Russell Hobby, leader of the National Association of Head Teachers (NAHT), said the outcome was “deeply disappointing.” He criticised that the pay review body “had its hands tied” and could not recommend a pay award “based on the evidence.”

Kevin Courtney, General Secretary of the National Union of Teachers (NUT), the largest teachers’ union, said “This is a missed opportunity which the Government will come to regret as the teacher recruitment and retention crisis gets worse.”

“Teachers’ pay increases have fallen behind inflation by 13% since 2010 while this public sector pay policy has been applied.  This latest pay announcement will mean that figure increases to over 15%.  The pay being offered to newly qualified teachers would be over £3500 higher if the pay cap had never been applied and schools would have far fewer difficulties in recruiting new graduates.”

“The Government’s attack on national pay scales and its pursuit of performance related pay at a time of funding cuts in schools has meant that teachers are increasingly unlikely to get pay progression either.  The result is that the Government’s own figures show that average pay for classroom teachers has only gone up by £300 – less than 1% – since 2010.”

“The Government announcement does however allow a 2% increase for all teachers on the main pay scale, not just newly qualified teachers, and the NUT will be pressing the Government to ensure that this happens.”

“The School Teachers’ Review Body has told the Government that teachers continue to be paid less than other graduate professionals throughout their careers and that the pressures faced by schools in attracting high quality teachers have not reduced.  It has also said that there needs to be a longer-term investment in an effective teaching workforce.  This clearly supports the NUT’s argument that the Government needs to invest in more and better paid school staff.”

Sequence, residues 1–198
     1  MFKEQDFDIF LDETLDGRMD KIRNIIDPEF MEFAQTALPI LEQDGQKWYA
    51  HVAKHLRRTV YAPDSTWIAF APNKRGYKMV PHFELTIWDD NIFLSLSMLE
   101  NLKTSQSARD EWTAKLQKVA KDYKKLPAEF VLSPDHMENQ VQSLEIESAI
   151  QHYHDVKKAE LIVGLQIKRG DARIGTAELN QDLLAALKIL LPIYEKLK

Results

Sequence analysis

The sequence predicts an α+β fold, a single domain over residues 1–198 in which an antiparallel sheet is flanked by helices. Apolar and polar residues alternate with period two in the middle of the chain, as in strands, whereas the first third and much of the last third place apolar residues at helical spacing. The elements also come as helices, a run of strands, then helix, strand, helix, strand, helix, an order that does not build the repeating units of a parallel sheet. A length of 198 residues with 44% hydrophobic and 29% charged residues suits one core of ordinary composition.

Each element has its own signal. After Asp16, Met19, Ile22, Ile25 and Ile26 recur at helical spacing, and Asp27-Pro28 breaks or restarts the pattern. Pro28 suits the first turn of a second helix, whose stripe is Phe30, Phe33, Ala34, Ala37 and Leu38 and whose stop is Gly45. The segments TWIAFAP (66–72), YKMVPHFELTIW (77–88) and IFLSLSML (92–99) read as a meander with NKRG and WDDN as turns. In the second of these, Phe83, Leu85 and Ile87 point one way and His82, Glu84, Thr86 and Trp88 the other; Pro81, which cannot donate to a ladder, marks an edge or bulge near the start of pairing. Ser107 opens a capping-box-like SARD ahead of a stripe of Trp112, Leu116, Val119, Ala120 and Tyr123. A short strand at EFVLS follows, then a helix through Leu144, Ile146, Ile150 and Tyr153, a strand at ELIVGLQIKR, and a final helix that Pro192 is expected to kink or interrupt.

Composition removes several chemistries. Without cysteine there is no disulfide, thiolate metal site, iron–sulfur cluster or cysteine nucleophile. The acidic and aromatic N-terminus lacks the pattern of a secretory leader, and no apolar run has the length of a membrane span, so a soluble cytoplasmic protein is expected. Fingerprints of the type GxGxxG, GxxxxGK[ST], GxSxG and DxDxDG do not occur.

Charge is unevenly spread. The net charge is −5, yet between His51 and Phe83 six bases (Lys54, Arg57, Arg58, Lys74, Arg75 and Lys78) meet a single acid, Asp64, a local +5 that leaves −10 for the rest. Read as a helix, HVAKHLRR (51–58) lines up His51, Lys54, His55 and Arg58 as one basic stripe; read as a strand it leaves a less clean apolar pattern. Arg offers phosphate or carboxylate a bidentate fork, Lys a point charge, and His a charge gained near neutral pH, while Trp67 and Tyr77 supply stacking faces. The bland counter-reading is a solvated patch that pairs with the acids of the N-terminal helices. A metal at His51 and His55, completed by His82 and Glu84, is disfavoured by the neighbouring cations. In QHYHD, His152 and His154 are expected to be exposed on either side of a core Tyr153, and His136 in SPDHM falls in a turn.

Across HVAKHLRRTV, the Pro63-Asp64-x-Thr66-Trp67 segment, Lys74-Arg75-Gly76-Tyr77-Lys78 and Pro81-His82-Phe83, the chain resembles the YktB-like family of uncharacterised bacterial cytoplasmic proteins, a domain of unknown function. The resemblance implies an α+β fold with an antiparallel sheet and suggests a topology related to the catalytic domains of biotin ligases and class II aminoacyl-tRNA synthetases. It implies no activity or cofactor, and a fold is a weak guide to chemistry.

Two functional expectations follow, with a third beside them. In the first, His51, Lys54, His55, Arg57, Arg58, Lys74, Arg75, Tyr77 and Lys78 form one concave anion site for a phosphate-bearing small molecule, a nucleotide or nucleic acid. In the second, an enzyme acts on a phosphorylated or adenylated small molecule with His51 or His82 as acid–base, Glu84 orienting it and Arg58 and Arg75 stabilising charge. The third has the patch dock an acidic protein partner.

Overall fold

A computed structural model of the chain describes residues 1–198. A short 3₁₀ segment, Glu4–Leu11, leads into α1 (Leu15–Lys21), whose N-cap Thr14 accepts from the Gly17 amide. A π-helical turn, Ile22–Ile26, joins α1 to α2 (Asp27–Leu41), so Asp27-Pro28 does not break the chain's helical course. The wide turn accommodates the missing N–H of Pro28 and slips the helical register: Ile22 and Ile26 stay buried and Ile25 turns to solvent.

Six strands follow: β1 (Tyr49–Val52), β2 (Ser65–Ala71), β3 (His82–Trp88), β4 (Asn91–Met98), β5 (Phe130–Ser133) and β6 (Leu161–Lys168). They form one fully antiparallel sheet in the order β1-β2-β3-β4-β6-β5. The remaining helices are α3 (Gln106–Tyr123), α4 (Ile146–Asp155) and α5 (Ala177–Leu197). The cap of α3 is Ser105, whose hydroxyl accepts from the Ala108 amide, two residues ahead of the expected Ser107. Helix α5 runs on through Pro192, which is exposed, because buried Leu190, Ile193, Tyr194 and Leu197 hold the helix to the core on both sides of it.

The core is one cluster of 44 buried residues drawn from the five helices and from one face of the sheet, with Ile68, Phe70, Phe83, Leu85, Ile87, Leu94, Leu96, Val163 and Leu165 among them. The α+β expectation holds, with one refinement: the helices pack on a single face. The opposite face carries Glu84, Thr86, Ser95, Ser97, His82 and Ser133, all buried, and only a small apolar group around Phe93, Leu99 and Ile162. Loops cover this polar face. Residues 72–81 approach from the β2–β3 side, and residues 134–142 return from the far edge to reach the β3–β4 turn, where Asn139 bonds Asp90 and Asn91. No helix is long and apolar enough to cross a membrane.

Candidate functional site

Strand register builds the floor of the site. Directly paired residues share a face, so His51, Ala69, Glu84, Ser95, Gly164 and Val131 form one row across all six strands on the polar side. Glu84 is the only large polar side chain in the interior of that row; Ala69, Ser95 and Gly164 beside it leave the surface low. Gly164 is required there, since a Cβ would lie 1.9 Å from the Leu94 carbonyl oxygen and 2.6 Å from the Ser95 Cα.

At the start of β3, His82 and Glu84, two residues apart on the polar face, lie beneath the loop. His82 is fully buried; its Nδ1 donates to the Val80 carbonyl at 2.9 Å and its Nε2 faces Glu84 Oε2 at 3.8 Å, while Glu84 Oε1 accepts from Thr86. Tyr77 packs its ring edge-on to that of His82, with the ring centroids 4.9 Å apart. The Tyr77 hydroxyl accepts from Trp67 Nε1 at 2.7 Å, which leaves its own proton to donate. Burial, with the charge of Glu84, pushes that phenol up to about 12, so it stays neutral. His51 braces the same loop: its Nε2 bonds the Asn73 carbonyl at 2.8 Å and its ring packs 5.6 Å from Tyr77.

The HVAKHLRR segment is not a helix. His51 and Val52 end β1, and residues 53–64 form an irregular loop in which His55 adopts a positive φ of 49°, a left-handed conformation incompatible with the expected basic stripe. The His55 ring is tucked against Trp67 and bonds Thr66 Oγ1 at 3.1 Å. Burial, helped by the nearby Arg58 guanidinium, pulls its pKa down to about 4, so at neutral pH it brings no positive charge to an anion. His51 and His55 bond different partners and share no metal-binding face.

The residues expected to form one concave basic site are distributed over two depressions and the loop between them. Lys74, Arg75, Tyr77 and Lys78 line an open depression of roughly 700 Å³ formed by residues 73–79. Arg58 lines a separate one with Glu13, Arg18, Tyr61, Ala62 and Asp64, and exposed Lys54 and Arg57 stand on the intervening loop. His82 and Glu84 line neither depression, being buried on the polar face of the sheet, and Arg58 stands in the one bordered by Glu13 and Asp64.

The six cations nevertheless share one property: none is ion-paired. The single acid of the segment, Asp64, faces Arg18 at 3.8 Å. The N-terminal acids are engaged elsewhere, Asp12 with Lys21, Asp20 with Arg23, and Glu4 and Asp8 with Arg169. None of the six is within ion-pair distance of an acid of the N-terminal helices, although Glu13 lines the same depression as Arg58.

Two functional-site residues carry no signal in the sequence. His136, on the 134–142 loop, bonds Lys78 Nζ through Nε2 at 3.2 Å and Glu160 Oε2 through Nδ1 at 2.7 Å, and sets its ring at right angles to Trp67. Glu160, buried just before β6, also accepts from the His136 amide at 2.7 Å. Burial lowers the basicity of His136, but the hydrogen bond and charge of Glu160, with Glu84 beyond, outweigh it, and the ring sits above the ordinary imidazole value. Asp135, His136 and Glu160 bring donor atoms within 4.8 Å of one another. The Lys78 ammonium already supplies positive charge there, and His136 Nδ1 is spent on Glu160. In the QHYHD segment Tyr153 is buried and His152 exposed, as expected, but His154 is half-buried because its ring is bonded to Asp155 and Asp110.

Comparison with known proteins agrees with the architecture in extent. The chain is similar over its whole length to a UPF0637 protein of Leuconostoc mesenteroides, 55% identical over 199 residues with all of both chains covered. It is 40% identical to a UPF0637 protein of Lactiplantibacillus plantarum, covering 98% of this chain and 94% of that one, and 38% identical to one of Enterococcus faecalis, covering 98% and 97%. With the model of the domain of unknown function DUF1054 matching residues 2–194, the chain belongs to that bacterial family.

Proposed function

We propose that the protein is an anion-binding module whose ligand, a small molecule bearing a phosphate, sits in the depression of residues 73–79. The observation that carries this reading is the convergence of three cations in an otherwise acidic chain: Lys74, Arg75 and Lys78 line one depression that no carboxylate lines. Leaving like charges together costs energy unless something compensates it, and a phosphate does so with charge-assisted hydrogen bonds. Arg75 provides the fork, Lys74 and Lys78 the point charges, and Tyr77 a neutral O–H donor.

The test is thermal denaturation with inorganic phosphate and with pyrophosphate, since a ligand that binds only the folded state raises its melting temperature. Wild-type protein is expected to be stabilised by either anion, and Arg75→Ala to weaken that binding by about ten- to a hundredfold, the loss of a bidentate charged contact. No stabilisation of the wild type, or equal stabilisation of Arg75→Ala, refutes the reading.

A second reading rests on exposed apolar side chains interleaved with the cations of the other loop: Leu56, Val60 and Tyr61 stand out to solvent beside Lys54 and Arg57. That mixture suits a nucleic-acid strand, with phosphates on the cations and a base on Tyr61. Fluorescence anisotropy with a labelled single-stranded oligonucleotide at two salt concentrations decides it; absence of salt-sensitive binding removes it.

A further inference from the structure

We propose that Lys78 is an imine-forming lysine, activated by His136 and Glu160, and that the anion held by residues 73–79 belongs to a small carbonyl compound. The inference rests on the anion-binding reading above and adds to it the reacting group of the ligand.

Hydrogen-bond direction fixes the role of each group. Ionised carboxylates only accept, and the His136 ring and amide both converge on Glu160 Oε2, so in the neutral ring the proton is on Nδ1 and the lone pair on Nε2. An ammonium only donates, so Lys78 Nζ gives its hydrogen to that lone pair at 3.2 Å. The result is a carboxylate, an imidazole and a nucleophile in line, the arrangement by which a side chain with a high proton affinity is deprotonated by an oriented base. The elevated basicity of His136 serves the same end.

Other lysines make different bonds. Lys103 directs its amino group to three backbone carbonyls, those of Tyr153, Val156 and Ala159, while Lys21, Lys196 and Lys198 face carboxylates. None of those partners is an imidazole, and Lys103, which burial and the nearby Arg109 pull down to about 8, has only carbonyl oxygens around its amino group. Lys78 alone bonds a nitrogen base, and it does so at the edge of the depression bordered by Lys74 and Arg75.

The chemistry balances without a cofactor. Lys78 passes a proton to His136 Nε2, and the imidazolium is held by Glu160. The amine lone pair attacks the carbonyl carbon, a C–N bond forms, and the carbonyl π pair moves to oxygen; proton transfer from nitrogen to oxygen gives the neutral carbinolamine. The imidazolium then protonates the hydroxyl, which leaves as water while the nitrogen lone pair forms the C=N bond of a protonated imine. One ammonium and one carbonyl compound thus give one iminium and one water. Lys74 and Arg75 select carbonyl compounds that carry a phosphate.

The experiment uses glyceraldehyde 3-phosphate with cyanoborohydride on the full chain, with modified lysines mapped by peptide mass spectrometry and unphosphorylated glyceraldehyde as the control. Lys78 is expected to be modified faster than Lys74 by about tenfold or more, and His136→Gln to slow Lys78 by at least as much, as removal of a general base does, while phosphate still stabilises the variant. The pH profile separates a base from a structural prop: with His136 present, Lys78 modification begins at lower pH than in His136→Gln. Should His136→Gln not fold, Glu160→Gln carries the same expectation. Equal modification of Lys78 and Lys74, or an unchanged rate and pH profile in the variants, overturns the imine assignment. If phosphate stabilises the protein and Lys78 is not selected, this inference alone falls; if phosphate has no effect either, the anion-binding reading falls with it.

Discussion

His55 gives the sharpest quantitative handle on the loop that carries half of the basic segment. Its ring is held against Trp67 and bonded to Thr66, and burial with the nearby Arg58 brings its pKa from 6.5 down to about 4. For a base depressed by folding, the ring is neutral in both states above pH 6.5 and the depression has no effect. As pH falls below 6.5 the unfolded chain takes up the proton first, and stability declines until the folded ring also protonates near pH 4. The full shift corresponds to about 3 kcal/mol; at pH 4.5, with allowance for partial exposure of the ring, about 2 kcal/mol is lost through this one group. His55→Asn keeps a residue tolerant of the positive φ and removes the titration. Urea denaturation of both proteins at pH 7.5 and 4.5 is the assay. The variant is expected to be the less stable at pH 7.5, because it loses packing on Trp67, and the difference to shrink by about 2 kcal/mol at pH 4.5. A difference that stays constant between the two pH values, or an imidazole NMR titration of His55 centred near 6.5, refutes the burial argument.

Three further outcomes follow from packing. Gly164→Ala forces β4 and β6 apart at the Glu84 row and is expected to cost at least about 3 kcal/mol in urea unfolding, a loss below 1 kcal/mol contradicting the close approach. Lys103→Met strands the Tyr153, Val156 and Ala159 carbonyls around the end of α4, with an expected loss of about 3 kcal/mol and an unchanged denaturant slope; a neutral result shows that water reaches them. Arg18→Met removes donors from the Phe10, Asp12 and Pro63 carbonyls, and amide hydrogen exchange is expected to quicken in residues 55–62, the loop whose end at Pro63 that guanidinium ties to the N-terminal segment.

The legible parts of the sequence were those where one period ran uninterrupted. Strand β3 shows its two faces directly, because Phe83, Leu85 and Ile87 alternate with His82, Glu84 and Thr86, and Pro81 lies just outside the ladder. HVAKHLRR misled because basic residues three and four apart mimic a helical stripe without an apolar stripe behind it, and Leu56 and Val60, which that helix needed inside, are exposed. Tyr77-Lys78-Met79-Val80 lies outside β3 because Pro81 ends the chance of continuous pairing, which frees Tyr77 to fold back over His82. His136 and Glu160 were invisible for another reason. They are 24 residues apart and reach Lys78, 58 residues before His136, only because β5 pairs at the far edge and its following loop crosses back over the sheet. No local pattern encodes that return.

James Westhead, executive director of Teach First, said that “recruiting teachers is becoming more and more challenging. We need to ensure teaching is fairly rewarded.”

  • The 1% increase will see the overall annual teachers’ pay bill for England rise by about £505m to £25.3bn, with the extra cost to come out of the government’s existing allocation of funding for schools.
  • Newly-qualified teachers from the autumn will have a starting salary of almost £23,000, with the upper pay scale for classroom teachers going up to about £38,700. Head teachers’ pay will range from £44,500 to over £100,000.

Labour’s Shadow Education Secretary Angela Rayner said the government needed to clarify how schools would pay for the increase – or whether it would be “squeezed” from budgets that were already under pressure.

“There are now more questions than answers about their education policy, and schools urgently need some certainty,” said Ms Rayner.

Layla Moran, the Liberal Democrat education spokeswoman, said: “Giving teachers another below inflation pay-rise is frankly an insult to these incredibly hard working and dedicated professionals.”

 

A Department of Education spokeswoman said: “We recognise and value the hard work of teachers which is why we have accepted the pay deal proposed by the independent School Teachers’ Review Body, in line with the 1% public sector pay policy.

“This will ensure we continue to strike the balance between being fair to public sector workers and fair to taxpayers.”

 

The decision over teachers’ pay will be seen as sending a signal over pay for more than five million public sector workers.

 

July 11, 2017